of C. C. Hastings, the well known horseman of Sau
Francisco, in the year ending 18l0, we had a young
horse two years old that contracted a bone spavin and
seeing your liniment known as Kendall's Spavin Cure
advertised, upon my own responsibility I commenced
using it and within thirty days from that time and
after having used only three bottles the spavin was
removed entirely, aud therefore 1 naturally have the
utmost confidence in its merits. 1 do not hesitate to
recommend it to all who have occasion to use the
medicine and should any one desire to' confer with
me 1 shall be glad to answer any communication
relating to the case in question.
Respectfully Yours, JOHN ROADMAN.
Kendall's Spavin Cure
San Francisco, Cal., Jan. 16, 1382.
Messrs. J. B. Kendall & Co., Gents: Through tho
recommendation of a friend about a year ago, X was
Induced to give your Kendall's Spavin Cure a rial
and I am pleased to say that I was fully satisfied with
the results. I used it in several instances upon
splints, which after a few app.ications were entirely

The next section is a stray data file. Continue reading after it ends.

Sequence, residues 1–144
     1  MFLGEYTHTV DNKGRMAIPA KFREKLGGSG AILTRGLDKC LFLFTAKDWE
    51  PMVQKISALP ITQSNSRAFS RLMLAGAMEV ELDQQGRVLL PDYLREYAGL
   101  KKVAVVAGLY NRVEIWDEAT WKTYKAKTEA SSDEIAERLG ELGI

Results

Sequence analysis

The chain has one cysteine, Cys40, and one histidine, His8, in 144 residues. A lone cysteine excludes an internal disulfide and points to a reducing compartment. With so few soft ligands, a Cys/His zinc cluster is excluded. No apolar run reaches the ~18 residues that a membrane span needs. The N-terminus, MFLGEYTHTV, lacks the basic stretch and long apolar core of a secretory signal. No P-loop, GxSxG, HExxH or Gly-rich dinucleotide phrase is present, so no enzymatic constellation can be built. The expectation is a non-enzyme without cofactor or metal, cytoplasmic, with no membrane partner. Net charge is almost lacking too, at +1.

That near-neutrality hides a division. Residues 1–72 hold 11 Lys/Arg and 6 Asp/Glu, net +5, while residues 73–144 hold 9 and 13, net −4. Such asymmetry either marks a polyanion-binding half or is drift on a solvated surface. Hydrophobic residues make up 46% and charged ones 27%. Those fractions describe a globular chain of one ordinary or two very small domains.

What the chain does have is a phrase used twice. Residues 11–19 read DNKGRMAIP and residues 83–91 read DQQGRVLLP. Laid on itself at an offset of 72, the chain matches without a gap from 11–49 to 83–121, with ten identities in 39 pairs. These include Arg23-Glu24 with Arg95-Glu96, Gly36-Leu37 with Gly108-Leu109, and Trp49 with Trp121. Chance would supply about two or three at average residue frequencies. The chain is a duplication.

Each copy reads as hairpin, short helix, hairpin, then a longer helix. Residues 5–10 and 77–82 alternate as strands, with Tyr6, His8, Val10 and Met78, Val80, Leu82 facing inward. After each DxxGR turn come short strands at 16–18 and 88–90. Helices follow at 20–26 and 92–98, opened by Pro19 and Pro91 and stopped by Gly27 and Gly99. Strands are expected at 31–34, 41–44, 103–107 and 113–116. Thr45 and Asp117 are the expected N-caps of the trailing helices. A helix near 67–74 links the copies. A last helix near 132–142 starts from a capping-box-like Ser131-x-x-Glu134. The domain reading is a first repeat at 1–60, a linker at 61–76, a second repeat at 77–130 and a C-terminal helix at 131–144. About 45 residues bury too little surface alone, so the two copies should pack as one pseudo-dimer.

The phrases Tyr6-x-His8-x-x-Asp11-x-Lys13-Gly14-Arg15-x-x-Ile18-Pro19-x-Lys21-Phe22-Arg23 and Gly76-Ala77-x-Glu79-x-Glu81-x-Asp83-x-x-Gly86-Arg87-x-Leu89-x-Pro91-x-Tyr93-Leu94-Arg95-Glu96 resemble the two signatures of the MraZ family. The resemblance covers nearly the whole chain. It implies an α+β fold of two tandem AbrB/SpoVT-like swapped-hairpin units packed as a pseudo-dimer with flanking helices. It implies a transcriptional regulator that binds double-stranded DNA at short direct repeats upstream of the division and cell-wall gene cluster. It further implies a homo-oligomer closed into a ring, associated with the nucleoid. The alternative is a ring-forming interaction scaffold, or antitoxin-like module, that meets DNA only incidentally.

removed. I also used it on a spavin with the sam
results. The medicine has grown in popularity in
this vicinity in the past few months and what is
said here to-day 1 believe is put out upon its merits.
Ai,J. A A1CCOKD,
Foreman for City R. R. Co.
Send address for illustrated circular which
think gives positive proof of its virtues; IT o remedy
has ever met with such unoualitied snnnfl in
knowledge, for beast as well as man.
Price 1 per bottle, or six bottles for 5. All ,imr.
gists have it or can get it for you. or it will be sent
to any address on receiot of Drice hv tha nranriH
DR. B. J. KFNDALL & Co.. Enosburch Falls. Vt '
SOLD hY ALL DRUGGISTS.
Two doors north of the Vincent House
ALL ORDERS PROMPTLY EXECUTTO.
Rinding ami Cleaning at moderate Prices. 1026yl
City Stables Daily Stage Line
FROM ALBANY TO COSALITS.
EGLIN, -' - Proprietor
On the Corner West of the Engine House
CORVALLIS, - - OREGON.
TT A V I N O
JH new and commodious
am better than ever nrrnareri t.n
B ST OF
Having secured t lie contract to iiarrying th
.; I til Stains Mi .;
SADDLE HORSES TO HIRE.
At Reasonable Rates.
' Partlcnlar attention given to Boarding Homes
Corvallis to Albany
For the ensuing four rears w leave Corvallis each
mornineat 8 o'clock, arrivinar in Albany about iu
o clock, and will start from Albany at 1 o clock in the
afternoon, returning to Corvallis about 3 o'clock
This line will be orepared with rood m m and car
cul drivers and nice comfortable and
EASY RIDING VEHICLES
For the accommodation of the